Considering Selling Your GovTech Firm? Here’s Why the Future Matters More Than the Past

There are many encouraging signs that the U.S. economy is recovering from the devastating lows of the COVID-19 pandemic — and even reaching new heights. In particular, mergers and acquisitions have been proceeding at a frenzied pitch after the sharp shock of the pandemic during the first half of 2020. For example, The Economist reports that in Q1 2021, there were 16,000 M&A transactions that involved at least one U.S. company — roughly 150% of typical M&A activity during the same time frame in the previous several years.

Savvy GovTech firm owners in search of an exit strategy should view all this M&A dealmaking as an excellent opportunity. So how can GovTech entrepreneurs best plan for the sale or acquisition of their business in the post-pandemic economy?

Below, we’ll discuss a crucial realization for any business owner contemplating a sale: Future promise outweighs past results. This article is the first in a two-part series that will explore how to increase the value of your GovTech or government contracting firm in the post-pandemic economy.


Deciding to Sell Your GovTech Business

Resolving to sell your stake in a business is never easy. Both internal factors (such as your personal priorities) and external factors (such as the health of the economy) come into play. When your company is doing well, and with the prospect of future growth on the horizon, it can be hard to make the conscious decision to give up the reins to someone else, no matter how capable they are.

The choice is made even tougher due to fluctuations in business value. Like the stocks in your portfolio, the value of your GovTech firm may increase or decrease on a regular basis, and even from day to day. Many factors are responsible for this shift — some of which you can control (e.g., winning a valuable government technology contract) and others that you cannot (e.g., a broader slowdown in M&A activity).

Regardless of external conditions, there’s one important factor for any GovTech firm owner considering an M&A deal: the impact on their net worth. On average, it’s estimated that 50%–80% of entrepreneurs’ net worth is tied up in their business value — a tremendously high amount for a single asset.

However, many business owners have no idea what their company is truly worth, nor how to make it worth more in the acquisition marketplace. Over the past decade, the business valuation game has dramatically changed, with historical performance no longer the predominant concern.


Why Future Promise Outweighs Past Results

So-called “unicorns” (billion-dollar startups such as Uber, Airbnb, Snapchat, and SpaceX) have built their eye-popping valuations on the promise of future rewards, rather than past performance. Tech giants such as Uber and Snapchat have yet to reach profitability, while Airbnb is a standout among unicorns because it actually made money — at least during certain quarters.

While these “unicorns” represent extreme cases, the underlying premise rings true for any business owner willing to listen: A credible future vision for your business generates more value than historical performance.

Owners typically focus on selling their company’s past performance, instead of helping buyers imagine a believable version of the future that leverages the company’s current potential for growth. Astute sellers need to focus on building a well-grounded strategy for their business that will increase the company’s value today. By understanding these simple rules of marketplace psychology, GovTech firm owners could generate trillions of dollars in new business value.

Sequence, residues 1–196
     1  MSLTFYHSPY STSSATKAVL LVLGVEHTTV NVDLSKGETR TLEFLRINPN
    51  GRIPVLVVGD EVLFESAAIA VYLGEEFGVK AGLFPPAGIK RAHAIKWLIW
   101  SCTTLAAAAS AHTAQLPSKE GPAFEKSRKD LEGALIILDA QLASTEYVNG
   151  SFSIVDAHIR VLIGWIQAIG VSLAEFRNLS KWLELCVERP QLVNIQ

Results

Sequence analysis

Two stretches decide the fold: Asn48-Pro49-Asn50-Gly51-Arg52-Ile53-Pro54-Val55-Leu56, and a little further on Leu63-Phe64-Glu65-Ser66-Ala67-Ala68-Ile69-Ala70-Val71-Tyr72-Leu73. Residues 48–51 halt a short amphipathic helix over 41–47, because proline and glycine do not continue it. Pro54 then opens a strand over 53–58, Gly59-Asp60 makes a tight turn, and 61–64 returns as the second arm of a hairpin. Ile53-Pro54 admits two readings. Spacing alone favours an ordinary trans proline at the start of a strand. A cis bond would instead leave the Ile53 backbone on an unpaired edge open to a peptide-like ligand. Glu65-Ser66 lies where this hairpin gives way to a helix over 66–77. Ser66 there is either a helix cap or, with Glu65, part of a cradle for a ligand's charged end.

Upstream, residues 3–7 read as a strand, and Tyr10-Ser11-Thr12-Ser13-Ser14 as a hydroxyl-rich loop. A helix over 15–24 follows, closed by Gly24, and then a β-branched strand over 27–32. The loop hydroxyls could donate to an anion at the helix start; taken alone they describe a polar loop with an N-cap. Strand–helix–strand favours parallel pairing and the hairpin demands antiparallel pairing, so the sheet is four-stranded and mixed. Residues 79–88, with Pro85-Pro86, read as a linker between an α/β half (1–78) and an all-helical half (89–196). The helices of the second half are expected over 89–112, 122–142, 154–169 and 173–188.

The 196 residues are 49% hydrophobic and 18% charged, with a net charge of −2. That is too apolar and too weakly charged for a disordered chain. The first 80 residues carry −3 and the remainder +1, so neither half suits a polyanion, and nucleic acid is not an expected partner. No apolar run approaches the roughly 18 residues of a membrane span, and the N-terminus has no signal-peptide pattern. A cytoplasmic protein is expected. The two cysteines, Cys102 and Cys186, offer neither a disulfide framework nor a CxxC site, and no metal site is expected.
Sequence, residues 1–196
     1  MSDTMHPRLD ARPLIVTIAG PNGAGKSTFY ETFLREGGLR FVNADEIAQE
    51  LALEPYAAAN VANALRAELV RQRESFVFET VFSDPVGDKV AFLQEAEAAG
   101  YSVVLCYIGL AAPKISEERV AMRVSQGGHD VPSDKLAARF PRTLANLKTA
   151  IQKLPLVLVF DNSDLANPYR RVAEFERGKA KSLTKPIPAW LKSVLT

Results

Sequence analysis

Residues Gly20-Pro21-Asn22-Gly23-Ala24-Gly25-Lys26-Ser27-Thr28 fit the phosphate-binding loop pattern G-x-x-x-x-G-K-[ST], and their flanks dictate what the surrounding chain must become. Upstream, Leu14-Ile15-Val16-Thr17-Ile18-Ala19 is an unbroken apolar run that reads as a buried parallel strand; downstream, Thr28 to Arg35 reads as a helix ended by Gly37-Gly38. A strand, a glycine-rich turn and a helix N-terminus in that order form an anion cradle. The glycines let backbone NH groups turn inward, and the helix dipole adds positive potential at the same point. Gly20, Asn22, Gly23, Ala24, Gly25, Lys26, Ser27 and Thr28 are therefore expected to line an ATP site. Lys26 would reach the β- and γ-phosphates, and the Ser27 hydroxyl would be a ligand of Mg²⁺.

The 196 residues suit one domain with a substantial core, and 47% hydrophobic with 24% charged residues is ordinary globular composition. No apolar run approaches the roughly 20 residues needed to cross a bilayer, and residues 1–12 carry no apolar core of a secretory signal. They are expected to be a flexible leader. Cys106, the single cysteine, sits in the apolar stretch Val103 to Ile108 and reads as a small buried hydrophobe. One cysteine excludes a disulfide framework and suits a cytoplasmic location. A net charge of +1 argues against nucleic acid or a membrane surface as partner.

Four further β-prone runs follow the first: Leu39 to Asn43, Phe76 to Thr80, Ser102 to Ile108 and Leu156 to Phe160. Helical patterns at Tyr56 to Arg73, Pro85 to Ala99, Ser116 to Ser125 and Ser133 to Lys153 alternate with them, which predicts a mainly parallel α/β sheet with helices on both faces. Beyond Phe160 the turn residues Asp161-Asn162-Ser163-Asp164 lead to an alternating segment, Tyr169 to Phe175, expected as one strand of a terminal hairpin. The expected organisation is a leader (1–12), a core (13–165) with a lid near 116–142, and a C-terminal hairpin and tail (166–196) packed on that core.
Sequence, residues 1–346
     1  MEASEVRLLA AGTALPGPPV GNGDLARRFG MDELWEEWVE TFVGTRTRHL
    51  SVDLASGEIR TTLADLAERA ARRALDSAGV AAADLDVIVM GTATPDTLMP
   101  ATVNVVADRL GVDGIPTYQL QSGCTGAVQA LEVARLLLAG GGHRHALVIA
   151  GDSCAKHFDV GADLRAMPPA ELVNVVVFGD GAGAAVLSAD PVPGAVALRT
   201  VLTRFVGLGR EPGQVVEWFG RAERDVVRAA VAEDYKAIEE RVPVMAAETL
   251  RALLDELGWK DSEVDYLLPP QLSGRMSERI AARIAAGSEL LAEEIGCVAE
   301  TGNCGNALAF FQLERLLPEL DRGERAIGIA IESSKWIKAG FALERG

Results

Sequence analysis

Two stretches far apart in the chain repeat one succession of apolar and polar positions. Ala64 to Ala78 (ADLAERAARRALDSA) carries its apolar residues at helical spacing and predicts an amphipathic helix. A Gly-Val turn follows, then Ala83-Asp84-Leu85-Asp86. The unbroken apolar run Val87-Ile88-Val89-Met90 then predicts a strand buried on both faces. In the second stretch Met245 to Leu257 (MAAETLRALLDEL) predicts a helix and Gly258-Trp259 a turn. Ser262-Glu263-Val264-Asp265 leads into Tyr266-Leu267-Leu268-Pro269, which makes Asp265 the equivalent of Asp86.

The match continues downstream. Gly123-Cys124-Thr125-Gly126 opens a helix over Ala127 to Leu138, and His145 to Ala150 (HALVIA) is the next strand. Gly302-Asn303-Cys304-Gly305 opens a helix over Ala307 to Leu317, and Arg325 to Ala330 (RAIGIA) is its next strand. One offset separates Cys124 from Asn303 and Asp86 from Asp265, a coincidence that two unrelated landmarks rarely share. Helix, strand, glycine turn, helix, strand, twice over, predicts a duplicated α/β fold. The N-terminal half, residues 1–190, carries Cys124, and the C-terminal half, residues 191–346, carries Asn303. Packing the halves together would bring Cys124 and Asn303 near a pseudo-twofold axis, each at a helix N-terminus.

The Valuation Environment for GovTech Firm Owners

Even just 20 years ago, it was difficult to build any significant business value without an extensive financial history. Only after several years of building your product and getting it to market could you expect to see a substantial return on your investment.

Today, however, the business growth cycle is considerably faster-paced. Time to market is shorter — potentially as short as 2 to 18 months. Early adopters help fuel your go-to-market strategy, and your business valuation can be driven more easily by future projections. In particular, intangible assets such as employees and intellectual property have significant value. Thanks to these developments, savvy business owners can exit in as little as 1.5 to 5 years.

Of course, part of a successful exit strategy is finding the right buyer and the right circumstances. Management consulting firm McKinsey & Company has identified six major reasons for successful M&A deals:

  1. Improving the buyer’s performance.
  2. Consolidating to remove excess resource consumption.
  3. Facilitating access to new markets.
  4. Acquiring new skills, technologies, or IP.
  5. Leveraging economies of scale.
  6. Identifying winning startups early.



GovTech firm owners must be aware of one essential truth: Being able to sell the future prospects of your business is worth far more than its historical performance, which is not guaranteed to continue. This leads to another important question: How can you actually pitch the right vision to potential investors?

In the second article in this series, we’ll offer some key insights on how to achieve the maximum acquisition value for your GovTech or government contracting firm. For greater detail on these topics, you can also download our white paper “Increasing the Value of Your GovTech Firm in the Post-Pandemic Economy.”